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Prop shaft to Flexi plate flange connection


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Not at the boat but trying to formulate a plan to pull prop shaft on next haul out.

l guess flange screws onto shaft then machined true on lath.

I don’t remember any locknut.

Otherwise  have to move motor forward and pull ps into boat minus anode and prop.

Stern gland is behaving erratically.

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That makes sense. Must be a shallow taper as flexiplate isn’t that thick.

I guess if I remove the anode and prop and flexiplate I should have enough play to inspect shaft at packing area.

Im keen to fix in the water if possible as don’t want to haul boat until end of summer.

Replaced the packing a couple of days ago but the old looked ok.

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Several points, if your packing gland is leaking too much, there could be several things. Our shaft was 'necked' fairly noticably. Nothing a new shaft wont fix ;-)

Any play / vibration in the whole system wont help. That would include cutless wear, but also engine alignment, and the condition of your engine mounts. Don't forget engine mounts have a limited life, and do need replacing occasionally. Alignment might look good at rest, but if the mounts are stuffed, there will be misalignment when underway, which flogs out the flax and leads to weeping.

How to get the half coupling off depends entirely on what you have on. We had a half coupling that went to an R&D flexi coupling (white, thin ish disk of 10mm, with offset bolts on each side. That half coupling had a locking nut on the engine side, with a thread on the end of the shaft. You will need a blow torch - and be in an angry mood... I've got new spare R&D couplings in 4 inch and 5 inch if anyone is interested. 

We replaced that with a CentaFlex. That uses a parrallel (straight) ended shaft, and uses a concentric tapper that pulls down on it to create a clamping force (pulls down along the length of the shaft. To get it off there are threaded bolt holes to push the concentric tapper back off the shaft (put bolts in and gently wind).

We ended up going for a dripless kiwi seal, but then we had a whole new drive train when we put in the new engine. My missus still brings up the amount we spent on all of that...

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Just a thought, if you want to see if the shaft is necked, if you remove the flexi-coupling, you may be able to slide it forward enough to see any necking. Depending how far your prop is from the cutless of course. Could be a pragmatic way to diognose andexclude an issue and plan for fixing it before your haul out

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🙂 some shafts inboard are tapered some are threaded ( " inside") the flange and lots are just straight.

Any of the above may have some kind of grub screw as a safety as well. These can obvious or flush and hidden under paint, rust or grease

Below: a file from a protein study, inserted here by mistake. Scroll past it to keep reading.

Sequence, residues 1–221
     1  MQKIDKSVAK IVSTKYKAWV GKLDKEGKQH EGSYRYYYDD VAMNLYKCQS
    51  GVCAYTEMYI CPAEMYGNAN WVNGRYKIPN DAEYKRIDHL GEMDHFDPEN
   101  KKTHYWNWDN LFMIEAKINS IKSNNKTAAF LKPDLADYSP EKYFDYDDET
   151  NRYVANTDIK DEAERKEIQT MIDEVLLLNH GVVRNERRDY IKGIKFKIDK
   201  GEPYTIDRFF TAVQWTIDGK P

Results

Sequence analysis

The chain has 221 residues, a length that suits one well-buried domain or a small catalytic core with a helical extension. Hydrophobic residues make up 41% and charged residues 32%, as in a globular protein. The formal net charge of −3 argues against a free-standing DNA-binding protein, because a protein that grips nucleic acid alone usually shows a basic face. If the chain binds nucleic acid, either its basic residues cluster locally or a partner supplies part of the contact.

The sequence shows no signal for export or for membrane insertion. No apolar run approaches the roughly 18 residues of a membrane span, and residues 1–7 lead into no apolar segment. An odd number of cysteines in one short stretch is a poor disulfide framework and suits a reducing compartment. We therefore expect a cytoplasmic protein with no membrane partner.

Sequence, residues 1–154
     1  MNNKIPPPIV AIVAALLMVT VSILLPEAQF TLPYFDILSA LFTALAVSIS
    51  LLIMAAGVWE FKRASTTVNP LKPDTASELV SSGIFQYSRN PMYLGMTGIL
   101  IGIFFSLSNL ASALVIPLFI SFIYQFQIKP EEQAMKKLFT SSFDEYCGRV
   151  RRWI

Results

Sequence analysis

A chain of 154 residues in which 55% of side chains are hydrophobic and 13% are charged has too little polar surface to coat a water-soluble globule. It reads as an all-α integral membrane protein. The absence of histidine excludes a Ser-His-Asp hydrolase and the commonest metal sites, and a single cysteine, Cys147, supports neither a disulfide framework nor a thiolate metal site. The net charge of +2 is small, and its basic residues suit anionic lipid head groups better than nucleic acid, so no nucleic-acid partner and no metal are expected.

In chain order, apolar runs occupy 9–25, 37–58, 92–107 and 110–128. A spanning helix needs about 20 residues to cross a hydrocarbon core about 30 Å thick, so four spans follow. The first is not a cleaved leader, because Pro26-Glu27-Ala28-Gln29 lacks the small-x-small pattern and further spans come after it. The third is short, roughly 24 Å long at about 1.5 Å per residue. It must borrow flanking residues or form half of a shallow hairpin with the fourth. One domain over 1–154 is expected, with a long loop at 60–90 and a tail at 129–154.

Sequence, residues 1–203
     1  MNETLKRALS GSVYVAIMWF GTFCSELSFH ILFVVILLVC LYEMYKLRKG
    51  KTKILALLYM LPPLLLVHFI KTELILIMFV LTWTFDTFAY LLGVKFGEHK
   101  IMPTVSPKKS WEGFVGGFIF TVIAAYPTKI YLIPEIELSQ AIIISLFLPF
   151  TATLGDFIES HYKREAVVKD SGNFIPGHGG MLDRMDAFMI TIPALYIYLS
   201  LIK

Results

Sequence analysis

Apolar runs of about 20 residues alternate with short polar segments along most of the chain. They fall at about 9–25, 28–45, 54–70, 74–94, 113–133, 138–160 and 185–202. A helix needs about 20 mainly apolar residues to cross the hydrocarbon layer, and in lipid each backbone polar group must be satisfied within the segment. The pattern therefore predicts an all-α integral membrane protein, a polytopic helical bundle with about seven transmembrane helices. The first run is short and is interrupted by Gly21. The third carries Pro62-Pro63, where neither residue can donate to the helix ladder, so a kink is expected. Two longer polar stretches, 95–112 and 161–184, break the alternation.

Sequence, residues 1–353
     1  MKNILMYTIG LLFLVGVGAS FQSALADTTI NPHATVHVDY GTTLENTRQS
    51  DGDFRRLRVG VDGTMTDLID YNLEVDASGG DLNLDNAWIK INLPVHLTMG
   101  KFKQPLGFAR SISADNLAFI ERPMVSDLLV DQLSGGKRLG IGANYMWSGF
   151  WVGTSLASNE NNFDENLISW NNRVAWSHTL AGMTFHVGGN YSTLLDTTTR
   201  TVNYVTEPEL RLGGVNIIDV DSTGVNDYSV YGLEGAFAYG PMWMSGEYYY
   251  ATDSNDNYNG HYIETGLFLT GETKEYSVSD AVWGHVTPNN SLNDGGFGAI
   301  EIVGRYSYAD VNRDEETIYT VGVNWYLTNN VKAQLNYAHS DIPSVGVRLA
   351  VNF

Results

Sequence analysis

The Flexi type couplings have captured nuts. Often they have been loc tite which is an absolute no no. They can then be impossible to remove because they strip their captured surface . If so you then cut them off and get a new coupling. ( Use a torque wrench only to do them up) .

Don't load up the output shaft of your gearbox when dealing with a stuck prop shaft. You can do major damage to the output shaft, rear bearing, or seal. 

Excessive dripping from the stern gland.

The prop shaft may have crevice corrosion (don't use graphite impregnated packing) or scoring under the packing. The engine alignment may have changed, or the mounts become too flexible. The prop may be vibrating or out of balance for many possible reasons . Stern tube bearings can be a problem here. 

Replacing packing can sometimes cause confusion because it can be difficult and take time for new packing to "slow down".  Particularly if the stern gland is of the no grease type. 

There are good reasons for "non traditional" stern glands ! History shows the change from hard mounted engines to quieter flexible mounts. This greater movement of the engine output alignment ( ovaling or spiralling) is not a friend of a fixed centre sealing system. Python drives, crude uni joints and even rubber shaft sections have been used. Now the most common is the flexible disc coupling. But...with all of these systems, if there is no stern tube bearing just outboard from the packing gland then the packing gland has to " hold" the shaft.  That is why PSS seals work in this case. They can take up the concentric movement of the shaft. Oil and O ring type seals or lip seals ( Volvo seals) next best. 

Last.. and sadly.. some boats l have worked on.. you can only pull the prop shaft forwards enough to see what's going on if you undo the engine off its mounts.. then you have to go through a whole engine realign process when ( if) you can fix the problem. The big upside of trying to fix the problem while in the water is...well you are in the water. 

...and you can never tell if it's leaking untill you are. !!

Hope it goes well.

 

 

 

 

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